The company has a history going all the way back to 1647, and a source bearing the legend that Apollo told his winged horse Pegasus to strike the ground from which the spring then opened up. They claim a number of health benefits from the extreme mineral composition. Then they go a step beyond with their elegant bespoke bottle which carries a gravitas and beauty that matches such a "heavy" and historic beverage very well.
#6 - Uisge Source - $94 per litre
Highest regular retail price: C$12 for 100ml at Yonge Street Winery Canada
Country: Scotland, UK
Source type: Well, Spring
TDS (mineral level in mg/l): Varies by type - 125, 183, 225
Uisge Source is unique on this list as a water sold specifically for whisky pairing. Appropriately sourced from multiple natural springs in Scotland to match the region's famous whiskies. It sort of cheats getting on this list as it is only sold in a small 100ml bottle of water which inevitably means the price per litre is going to be higher for a premium special-purpose product. But we'll cut them some slack as they are doing something different that deserves to be on a list like this.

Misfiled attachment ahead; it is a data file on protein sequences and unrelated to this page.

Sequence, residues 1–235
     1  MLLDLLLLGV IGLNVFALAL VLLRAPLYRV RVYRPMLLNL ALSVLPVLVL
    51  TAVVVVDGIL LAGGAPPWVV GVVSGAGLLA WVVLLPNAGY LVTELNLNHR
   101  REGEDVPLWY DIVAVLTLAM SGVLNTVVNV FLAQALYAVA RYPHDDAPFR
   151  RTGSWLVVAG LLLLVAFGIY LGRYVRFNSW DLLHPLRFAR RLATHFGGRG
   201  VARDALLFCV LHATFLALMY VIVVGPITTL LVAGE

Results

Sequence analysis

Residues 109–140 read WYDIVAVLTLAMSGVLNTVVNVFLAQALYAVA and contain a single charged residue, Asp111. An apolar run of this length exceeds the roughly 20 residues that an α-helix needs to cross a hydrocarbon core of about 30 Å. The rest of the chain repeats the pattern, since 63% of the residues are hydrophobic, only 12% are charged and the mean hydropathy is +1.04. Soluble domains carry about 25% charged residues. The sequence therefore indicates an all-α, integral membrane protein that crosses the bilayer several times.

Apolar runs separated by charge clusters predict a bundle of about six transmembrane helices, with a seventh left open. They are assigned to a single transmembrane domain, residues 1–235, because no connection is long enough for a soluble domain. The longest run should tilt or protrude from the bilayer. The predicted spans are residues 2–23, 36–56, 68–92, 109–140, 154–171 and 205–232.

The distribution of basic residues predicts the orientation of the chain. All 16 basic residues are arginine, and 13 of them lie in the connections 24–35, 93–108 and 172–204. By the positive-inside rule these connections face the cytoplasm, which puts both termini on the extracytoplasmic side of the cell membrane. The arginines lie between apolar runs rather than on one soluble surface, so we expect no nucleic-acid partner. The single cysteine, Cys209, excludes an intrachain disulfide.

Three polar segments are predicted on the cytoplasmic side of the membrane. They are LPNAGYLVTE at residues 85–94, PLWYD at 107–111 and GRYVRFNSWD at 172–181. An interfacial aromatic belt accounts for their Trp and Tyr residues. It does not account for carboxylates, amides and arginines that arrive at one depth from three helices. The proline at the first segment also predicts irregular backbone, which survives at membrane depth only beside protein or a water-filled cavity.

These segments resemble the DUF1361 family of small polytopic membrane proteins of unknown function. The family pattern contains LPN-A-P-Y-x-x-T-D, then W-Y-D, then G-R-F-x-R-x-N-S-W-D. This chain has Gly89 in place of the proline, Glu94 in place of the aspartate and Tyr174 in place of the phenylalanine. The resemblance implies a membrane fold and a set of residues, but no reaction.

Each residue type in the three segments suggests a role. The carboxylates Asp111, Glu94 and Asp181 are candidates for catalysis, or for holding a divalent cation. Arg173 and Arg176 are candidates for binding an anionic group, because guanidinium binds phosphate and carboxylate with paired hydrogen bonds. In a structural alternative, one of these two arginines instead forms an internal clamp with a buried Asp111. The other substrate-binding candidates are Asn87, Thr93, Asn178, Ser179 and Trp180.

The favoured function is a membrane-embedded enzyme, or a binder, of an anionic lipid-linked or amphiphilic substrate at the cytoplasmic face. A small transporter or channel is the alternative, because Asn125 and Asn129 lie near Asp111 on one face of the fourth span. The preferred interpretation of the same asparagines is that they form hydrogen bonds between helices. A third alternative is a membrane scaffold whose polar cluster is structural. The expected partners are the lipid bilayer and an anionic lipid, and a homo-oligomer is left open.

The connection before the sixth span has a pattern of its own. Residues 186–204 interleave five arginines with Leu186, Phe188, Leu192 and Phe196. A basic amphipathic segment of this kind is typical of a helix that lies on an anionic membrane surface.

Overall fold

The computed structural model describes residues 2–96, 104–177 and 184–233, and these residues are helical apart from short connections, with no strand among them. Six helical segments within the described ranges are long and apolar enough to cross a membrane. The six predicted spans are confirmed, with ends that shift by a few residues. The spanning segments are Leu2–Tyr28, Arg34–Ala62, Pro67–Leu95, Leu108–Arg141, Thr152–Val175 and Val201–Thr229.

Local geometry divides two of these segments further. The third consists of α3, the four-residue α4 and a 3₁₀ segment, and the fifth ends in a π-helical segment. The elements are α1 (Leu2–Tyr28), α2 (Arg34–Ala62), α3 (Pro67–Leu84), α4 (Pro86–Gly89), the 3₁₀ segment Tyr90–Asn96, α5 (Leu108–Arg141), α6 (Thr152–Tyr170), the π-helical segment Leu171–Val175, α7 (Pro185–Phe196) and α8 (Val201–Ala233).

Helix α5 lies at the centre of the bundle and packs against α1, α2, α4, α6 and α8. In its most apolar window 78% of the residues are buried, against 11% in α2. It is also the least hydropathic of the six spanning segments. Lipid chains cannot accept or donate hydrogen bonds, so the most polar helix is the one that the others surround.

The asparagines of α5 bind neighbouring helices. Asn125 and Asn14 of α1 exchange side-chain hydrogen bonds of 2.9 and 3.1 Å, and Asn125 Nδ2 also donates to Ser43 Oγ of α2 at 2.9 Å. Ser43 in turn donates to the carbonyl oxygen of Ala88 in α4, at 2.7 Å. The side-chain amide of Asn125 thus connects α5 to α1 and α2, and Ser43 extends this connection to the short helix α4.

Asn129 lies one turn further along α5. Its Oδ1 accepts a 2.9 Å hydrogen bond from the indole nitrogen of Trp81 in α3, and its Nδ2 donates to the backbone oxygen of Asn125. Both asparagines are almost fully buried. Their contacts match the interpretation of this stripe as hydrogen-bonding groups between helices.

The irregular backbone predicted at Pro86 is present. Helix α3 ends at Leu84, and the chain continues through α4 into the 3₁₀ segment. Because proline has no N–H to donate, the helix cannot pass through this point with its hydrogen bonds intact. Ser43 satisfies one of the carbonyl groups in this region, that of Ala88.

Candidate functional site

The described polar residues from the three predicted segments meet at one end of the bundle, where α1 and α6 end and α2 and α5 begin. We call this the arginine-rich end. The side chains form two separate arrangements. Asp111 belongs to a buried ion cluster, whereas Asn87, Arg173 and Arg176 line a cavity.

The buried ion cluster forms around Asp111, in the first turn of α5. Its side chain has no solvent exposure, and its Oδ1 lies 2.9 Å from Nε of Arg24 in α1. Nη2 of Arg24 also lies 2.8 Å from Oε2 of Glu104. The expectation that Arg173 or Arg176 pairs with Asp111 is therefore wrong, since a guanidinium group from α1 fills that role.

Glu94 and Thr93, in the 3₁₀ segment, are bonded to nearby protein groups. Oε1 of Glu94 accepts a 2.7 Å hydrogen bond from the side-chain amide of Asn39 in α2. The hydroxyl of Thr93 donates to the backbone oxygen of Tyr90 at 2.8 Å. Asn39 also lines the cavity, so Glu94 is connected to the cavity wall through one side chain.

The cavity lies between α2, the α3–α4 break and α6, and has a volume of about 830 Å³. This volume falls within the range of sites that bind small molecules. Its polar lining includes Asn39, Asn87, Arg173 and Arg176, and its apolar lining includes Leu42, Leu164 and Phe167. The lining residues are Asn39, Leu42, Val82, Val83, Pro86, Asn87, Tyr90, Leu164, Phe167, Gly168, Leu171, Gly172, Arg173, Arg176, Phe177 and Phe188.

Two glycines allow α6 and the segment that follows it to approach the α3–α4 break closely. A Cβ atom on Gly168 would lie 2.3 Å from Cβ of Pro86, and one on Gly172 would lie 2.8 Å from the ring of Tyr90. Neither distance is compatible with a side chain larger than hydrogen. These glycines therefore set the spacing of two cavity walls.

They sell three types all at the same price point to give different whisky pairing experiences. Highland (225 TDS) and Speyside (125 TDS) come from historic wells, while Islay (183 TDS) comes from a spring. Most suppliers offer all three bottles of water in a set. They have also introduced a special version at the same pricing called Allt a Mhullin Moutain Water. It is sourced from a spring fed by water flowing down from the highest mountain in the UK near Fort William in the Scottish Highlands. The same water is used to create award-winning whisky at the Ben Nevis Distillery.